Safety Beyond Safety with Boost Systems
From New Zealand to China, Canada and beyond, Boost Human External Cargo Systems (HEC) has a global presence - their product offering gives aviators the opportunity to improve and effectively work safely in long line work. Initially founded with the intent of use for rescue missions, they now see their product extending into other verticals, including aerial firefighting, law enforcement, and utility work.
We spoke with Jeff Yarnold, Vice President of Operations for Boost Systems, about his journey thus far, his background in mountain helicopter rescue services, and industry shifts and changes, he’s seeing in aviation.
Sourcing for Safety
Through Yarnold’s vast experience in mountain rescue (20+years and counting!), he’s seen a shift in the industry and tightening in the requirements from regulators such as Transport Canada, and the Federal Aviation Administration, for safer equipment in HEC operations.
In the 80s and 90s, HEC was used for emergency purposes only. Equipment sourced, however, was still unable to meet requirements, so he teamed up with Derek Thomas to disrupt the status quo and create, develop, and implement a product that would see them reach aviators on a global scale.
Boost Systems, based in North Vancouver, was founded in 2013 to provide rescue, industry and public safety teams with the most advanced, fully-certified, safe and reliable Human External Cargo (HEC) Systems. Their solution is a dual hook system on an aircraft that is approved for the carriage of human cargo.
Now there is higher demand in other verticals - it’s not just used for rescue purposes, it has now extended into wildfire, law enforcement, and utility industries.
“I love introducing this tool to people that have never used it in the past.”
Safety as a Service
Yarnold recognised the shift in the way HEC systems were being used over time, which is when the focus started shifting from not only providing a safe solution, but also, working alongside regulators and having these meet stricter requirements and industry standards.
“There were issues in the equipment we've been traditionally using, and all of a sudden they were no longer valid, or approved through Transport Canada, so we went in search for other equipment that we could bring in and use - even that was almost impossible!”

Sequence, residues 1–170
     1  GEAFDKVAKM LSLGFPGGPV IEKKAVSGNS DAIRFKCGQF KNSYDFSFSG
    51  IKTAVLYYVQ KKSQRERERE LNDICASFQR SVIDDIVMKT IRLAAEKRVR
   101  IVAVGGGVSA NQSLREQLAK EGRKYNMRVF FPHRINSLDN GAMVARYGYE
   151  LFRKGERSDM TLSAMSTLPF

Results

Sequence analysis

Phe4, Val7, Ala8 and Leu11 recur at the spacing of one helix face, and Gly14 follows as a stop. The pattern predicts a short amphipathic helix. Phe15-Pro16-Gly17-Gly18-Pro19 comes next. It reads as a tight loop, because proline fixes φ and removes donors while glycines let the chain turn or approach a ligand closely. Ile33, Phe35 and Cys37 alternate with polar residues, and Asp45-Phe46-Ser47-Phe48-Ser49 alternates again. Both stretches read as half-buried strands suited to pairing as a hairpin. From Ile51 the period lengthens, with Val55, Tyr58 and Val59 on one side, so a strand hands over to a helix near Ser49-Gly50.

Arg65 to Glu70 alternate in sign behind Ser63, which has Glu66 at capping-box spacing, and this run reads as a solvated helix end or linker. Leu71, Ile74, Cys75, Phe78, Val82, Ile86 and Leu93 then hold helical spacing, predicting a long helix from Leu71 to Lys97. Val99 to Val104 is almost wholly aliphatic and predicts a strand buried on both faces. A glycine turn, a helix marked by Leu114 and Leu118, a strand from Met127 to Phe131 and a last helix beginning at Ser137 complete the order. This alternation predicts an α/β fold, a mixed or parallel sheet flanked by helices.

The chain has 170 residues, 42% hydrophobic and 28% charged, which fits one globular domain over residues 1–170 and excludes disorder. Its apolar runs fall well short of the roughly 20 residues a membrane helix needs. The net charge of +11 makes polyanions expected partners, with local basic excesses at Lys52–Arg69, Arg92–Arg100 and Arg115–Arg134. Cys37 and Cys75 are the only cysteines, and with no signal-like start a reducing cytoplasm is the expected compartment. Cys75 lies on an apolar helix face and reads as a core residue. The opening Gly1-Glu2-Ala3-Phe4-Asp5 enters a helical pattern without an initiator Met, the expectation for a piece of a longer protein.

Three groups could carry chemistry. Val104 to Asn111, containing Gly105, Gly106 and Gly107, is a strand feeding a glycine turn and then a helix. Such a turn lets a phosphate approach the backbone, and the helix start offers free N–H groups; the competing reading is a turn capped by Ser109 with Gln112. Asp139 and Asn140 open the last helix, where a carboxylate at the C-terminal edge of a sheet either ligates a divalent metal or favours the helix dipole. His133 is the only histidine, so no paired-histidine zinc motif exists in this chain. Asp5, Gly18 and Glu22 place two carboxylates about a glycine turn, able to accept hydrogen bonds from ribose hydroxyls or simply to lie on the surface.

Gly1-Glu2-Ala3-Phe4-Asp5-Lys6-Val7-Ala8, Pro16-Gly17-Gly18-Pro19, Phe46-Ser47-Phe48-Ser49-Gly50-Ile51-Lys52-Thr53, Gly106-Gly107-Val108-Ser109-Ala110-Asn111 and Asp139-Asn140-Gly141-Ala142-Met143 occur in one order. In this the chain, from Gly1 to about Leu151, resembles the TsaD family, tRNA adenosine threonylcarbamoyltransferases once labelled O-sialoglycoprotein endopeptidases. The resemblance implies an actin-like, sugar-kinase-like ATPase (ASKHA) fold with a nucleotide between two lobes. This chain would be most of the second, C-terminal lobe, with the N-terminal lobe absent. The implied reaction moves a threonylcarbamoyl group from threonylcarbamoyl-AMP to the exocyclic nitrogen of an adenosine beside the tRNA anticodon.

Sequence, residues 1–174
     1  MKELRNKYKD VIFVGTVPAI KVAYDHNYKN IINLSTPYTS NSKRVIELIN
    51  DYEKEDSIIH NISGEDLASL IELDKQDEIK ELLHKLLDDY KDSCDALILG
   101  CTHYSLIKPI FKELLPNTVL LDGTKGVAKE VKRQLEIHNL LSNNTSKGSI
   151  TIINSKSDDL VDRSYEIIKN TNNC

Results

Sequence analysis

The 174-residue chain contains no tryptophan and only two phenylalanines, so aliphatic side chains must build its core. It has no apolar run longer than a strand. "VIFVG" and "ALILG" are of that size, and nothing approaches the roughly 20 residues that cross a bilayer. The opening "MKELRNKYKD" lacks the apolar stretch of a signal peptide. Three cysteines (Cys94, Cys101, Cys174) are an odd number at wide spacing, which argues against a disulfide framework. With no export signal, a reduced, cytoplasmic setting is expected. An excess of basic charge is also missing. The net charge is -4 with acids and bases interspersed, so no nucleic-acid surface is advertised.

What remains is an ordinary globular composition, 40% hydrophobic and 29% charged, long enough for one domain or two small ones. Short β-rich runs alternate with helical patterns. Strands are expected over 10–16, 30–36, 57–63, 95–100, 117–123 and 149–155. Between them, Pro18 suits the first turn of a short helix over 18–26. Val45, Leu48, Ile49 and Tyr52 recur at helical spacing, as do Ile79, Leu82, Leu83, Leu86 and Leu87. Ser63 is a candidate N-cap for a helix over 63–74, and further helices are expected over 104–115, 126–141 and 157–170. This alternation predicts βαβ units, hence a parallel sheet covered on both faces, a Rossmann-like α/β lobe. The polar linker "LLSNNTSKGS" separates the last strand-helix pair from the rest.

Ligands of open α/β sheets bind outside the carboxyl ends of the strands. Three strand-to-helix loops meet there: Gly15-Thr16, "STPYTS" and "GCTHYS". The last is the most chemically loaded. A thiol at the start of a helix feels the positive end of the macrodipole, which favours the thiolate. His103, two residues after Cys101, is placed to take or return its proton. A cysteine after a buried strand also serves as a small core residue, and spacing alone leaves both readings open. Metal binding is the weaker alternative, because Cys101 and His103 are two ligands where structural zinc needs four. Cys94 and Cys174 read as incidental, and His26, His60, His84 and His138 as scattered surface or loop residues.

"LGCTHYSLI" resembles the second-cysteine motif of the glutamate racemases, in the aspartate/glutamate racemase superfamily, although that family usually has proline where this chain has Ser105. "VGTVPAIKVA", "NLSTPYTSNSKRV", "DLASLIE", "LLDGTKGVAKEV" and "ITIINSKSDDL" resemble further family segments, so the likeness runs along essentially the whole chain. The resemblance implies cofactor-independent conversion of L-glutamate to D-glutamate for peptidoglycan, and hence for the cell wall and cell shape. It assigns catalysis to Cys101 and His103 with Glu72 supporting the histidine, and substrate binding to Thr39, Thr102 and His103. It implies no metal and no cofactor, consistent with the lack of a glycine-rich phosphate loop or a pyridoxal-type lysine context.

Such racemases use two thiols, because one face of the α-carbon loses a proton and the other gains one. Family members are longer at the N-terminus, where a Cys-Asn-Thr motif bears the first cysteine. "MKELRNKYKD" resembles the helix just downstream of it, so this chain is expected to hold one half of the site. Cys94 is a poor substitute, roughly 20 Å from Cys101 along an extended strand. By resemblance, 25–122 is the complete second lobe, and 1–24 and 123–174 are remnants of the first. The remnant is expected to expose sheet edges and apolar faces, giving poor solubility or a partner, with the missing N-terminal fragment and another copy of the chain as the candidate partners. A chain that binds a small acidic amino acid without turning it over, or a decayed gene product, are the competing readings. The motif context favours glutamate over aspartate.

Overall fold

Their solution is well supported in the industry, including leaders such as Bell, Airbus, and MD Helicopters. Although there is a lot of HEC work being performed with single engine aircraft, Boost sees a shift toward companies with twin engine aircraft.
“There's growth that's happened over the last 10-15 years. I think that's where the regulators stepped in and said ‘well, wait a minute this is no longer an emergency tool, people are using this to go to work on a daily basis.’ And so that's where we basically started approving our hooks and mounting systems to put them on various different aircraft.”
The way Yarnold sees Boost HEC being used worldwide never gets old. “It's sort of mind blowing, we actually are flying underneath the helicopter, at 60 knots, on a 200 ft long line in the mountains.”
Developments Through Limitations
As the team has been restricted with travel due to the COVID-19 pandemic, they are limited as to how much in-person training programs they are able to provide and implement.
“Our travel has been virtually locked down- essentially we've been clamped down for almost two years. We were running quite a large training program in China, right when COVID hit, working on an energised hoist programme when right in the middle of it, - boom!” However, this has not stopped the team from making traction in development.
“We've been doing a lot of new development projects so I think we've made good use of our time in working on some new STC’s and developing our equipment onto different platforms and new industries.”
Pilot to Pilot
Yarnold’s work in mountain rescue did not commence via the pilot route, in fact, his experience came from a combination of roles, including a long line rescue specialist, Air Operations Coordinator, Emergency Medical Responder, and spent some time as a SAR Manager as well!
After travelling the world implementing Boost kits and training services to other companies (pre-Covid), Yarnold learned from other pilots, first-hand, about how their product benefits them and the varying amount of work that is being undertaken globally.
“We have [both] been flying commercial helicopters for the last four years. We're spoiled because they all made it look so easy that I actually thought that it might be easy. I was wrong, you know, so it's funny because of course, we provide training to all these different operators, and users, and to have that perspective now from the pilots point of view it's just been incredibly valuable to us in our business.”
While teams are flying through mountainous terrain, and through structures that need precision, accuracy and stability, the entire team needs safety, while providing services at a safe and operational level.
“Flying in remote locations means the team needs to be able to communicate with ground teams. Spidertracks is used as a safety net and communications tool. Everyone knows exactly what is going on.”
Yarnold knows the importance of safety, which is why he’s implemented the system as a safety net.
“If something goes wrong, we need to be able to communicate that. Having the ability to send updates to the pilot, and see real-time updates when following flights - it’s phenomenal.”